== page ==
(Adds details on wealth, board expected to meet)
MONTERREY May 12 Lorenzo Zambrano, one of
Mexico's best-known businessmen who turned Cemex into a global
cement giant but also nearly brought the company crashing down,
died on Monday aged 70.
Cemex said its chief executive of the past three
decades passed away in Madrid of natural causes. There had been
no reports of illness and it was unclear who will succeed
Zambrano, whose grandfather founded the company.
Among Mexico's wealthiest people in 2006, when he was worth
an estimated $1.8 billion, Zambrano's fortune tumbled after a
risky purchase of a rival the following year. He fell off
Forbes' rich list, which fellow Mexican Carlos Slim later led.
Before Zambrano took charge, Cemex was a financially solid,
domestic operation that had successfully avoided Mexico's
dramatic economic crashes but was risk averse.
Zambrano moved to change that, building it into one of
Mexico's first modern multinationals. A series of acquisitions
extended Cemex's reach to five continents, making him the public
face of one of Latin America's most successful companies.
But the $16 billion acquisition of Australian building
materials company Rinker in 2007, when the U.S. housing market
was already months into a downturn, turned Cemex into an early
victim of the subprime housing crash.
At the time, Zambrano put a brave face on it.
"We've shown that a company that is born in a developing
country can compete in the whole world, and we want to keep
doing it," he told Reuters in 2009.
Cemex, one of Mexico's biggest listed companies with a
market value of around 200 billion pesos ($15.4 billion), would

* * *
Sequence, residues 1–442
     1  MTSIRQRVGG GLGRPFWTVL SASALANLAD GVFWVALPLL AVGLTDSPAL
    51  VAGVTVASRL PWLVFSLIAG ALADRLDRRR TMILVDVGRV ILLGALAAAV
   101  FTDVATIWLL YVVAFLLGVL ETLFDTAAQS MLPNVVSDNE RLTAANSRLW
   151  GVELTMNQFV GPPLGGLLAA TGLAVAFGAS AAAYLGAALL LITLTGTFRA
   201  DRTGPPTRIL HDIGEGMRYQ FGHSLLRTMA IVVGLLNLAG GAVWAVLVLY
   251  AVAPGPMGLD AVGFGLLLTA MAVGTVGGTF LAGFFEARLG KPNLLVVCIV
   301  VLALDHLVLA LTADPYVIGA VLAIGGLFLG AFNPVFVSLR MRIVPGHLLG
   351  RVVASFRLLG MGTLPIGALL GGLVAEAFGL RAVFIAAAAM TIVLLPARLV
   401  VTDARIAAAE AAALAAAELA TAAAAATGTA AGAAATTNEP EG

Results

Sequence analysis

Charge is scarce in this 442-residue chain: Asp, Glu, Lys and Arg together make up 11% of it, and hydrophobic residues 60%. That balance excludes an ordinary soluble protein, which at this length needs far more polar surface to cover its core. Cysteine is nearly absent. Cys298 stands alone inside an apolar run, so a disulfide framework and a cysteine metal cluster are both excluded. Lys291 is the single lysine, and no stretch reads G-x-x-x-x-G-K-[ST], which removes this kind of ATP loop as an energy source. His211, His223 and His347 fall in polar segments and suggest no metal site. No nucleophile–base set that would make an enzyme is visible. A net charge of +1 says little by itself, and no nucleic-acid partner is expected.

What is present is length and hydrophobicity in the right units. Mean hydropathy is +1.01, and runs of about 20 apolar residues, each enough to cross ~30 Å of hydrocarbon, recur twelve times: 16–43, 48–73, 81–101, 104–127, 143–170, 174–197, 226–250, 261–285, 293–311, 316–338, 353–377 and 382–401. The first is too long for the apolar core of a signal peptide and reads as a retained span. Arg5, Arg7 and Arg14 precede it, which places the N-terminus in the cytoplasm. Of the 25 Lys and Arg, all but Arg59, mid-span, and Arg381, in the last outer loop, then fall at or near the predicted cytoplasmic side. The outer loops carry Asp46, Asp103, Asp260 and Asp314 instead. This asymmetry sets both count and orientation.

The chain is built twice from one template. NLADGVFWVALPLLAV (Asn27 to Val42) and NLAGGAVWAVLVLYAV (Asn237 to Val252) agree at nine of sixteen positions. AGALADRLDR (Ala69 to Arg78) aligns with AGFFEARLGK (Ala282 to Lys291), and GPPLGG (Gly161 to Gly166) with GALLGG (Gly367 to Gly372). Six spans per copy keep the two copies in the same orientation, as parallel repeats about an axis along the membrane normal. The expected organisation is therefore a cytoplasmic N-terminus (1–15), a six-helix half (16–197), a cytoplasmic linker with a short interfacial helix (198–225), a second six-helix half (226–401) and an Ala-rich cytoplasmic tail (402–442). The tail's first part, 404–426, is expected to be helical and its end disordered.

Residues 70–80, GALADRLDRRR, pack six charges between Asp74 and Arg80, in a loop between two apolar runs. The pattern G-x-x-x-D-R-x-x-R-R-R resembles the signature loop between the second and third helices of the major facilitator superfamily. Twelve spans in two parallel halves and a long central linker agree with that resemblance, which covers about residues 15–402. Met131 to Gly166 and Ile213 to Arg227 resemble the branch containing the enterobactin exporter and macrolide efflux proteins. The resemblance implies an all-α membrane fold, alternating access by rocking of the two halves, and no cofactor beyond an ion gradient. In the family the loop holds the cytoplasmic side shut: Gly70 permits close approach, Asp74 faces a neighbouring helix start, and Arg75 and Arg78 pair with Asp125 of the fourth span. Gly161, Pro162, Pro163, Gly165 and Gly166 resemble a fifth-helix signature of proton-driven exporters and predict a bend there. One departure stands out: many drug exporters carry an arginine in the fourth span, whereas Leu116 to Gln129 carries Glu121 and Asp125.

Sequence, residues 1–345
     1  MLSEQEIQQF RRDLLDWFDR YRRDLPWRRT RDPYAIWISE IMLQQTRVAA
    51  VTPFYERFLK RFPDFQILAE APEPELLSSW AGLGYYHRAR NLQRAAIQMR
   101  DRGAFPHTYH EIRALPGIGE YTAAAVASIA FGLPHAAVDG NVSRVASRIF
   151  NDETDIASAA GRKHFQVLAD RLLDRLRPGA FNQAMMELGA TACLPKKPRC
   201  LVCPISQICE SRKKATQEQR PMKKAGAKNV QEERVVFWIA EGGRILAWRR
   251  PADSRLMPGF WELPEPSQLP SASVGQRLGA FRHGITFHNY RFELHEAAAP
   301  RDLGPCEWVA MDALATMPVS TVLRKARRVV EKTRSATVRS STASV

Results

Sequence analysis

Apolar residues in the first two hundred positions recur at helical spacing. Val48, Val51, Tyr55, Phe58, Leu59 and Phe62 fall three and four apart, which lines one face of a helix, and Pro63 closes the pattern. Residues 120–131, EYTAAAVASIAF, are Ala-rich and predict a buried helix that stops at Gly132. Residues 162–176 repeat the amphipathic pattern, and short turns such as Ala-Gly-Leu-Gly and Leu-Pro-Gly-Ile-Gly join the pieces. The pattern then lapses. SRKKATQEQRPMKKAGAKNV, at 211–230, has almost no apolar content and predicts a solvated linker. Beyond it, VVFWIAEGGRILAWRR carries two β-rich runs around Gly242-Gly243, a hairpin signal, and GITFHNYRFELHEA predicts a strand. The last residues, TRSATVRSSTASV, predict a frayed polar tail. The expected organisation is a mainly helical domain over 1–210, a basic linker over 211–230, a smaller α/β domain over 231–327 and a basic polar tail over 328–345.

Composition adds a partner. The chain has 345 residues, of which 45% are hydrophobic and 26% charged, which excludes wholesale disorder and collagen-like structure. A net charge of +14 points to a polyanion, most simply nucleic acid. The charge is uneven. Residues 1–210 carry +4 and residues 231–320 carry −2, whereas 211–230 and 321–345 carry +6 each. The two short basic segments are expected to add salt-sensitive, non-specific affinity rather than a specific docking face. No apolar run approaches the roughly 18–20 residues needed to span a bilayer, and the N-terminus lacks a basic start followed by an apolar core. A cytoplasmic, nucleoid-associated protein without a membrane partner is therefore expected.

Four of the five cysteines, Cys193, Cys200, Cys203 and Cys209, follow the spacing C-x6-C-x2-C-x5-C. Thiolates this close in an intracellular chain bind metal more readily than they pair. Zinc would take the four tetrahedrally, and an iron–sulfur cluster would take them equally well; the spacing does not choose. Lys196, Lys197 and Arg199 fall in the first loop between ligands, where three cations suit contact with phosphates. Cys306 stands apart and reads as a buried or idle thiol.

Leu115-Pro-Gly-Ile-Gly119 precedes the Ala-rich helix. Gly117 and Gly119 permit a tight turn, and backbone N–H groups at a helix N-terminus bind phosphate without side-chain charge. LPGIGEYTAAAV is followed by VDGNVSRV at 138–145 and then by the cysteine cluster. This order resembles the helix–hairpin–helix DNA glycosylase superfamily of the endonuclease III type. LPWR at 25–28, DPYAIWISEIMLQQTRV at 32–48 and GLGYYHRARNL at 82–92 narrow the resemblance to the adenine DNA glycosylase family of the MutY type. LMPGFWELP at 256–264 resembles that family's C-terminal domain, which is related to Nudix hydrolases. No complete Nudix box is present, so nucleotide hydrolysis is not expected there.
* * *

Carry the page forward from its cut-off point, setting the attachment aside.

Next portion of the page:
spend the following years struggling with large debts and
trimming costs by outsourcing and cutting jobs.
The company, which dominates the local market and was
accused by rivals of monopolistic practices, kept creditors well
informed as it worked through its debt problems, earning praise
Cemex said it would continue to operate normally after the
death of Zambrano, who was also chairman of the board at the
cement maker and was a board member at IBM Corp. It said its
board of directors was expected to meet in the coming days.
Zambrano's death came as a surprise.
Asked in a Mexican television interview in late April
whether he was thinking about a succession plan, a relaxed,
healthy-looking Zambrano said: "Not at all. There is a lot to be
done and I add value to the company."
Zambrano signed Cemex's annual report, filed with the U.S.
Securities and Exchange Commission at the end of April, and was
active on Twitter until earlier this month.
"I think there will be a little volatility tomorrow on this
news," said Fernando Bolanos, an analyst at Monex brokerage,
citing uncertainty over who will take the helm.
"We don't think there should be fundamental changes at the
company. We think they will maintain the same strategy."
WORST EVER CRISIS
Founded by Zambrano's grandfather more than a century ago,
the company started producing cement in the northern city of
Monterrey, which became one of Mexico's industrial hubs.
Lorenzo Zambrano was born March 27, 1944. Early in his
adolescence, Zambrano showed an interest in running the company,
unlike his father who never took the lead.
He joined the company straight after graduate school in
1968, when he earned his master degree in business
administration at Stanford University.
By 1985, at the age of 41, Cemex's board give him full power
as CEO and Zambrano set high ambitions for the company.
Known as a private person with a love for collecting and
racing vintage cars, Zambrano defied conservative Monterrey
society and never married or had children.
He showed his desire to grow Cemex into a global giant in
1992 when he bought two big Spanish cement firms.
Another milestone came in 2000, when Zambrano bought the
American firm Southdown for $2.8 billion, making Cemex one of
the largest cement producers in the United States.
His purchase of Australia's Rinker briefly drew applause,
but soon proved disastrous for Cemex when major western housing
markets crumbled in late 2008 and early 2009.
Zambrano's credibility was seriously questioned after
saddling the firm with debt it is still paying off and he called
it the "worst crisis" he had ever faced.
But he sought to defend his strategy, saying in 2010 the
company had gone from being "an elephant to being a greyhound."
($1 = 12.9578 Mexican Pesos)
(Reporting by Elinor Comlay and Noe Torres; Editing by Simon
Gardner, Dave Graham, Andre Grenon, Cynthia Osterman and Lisa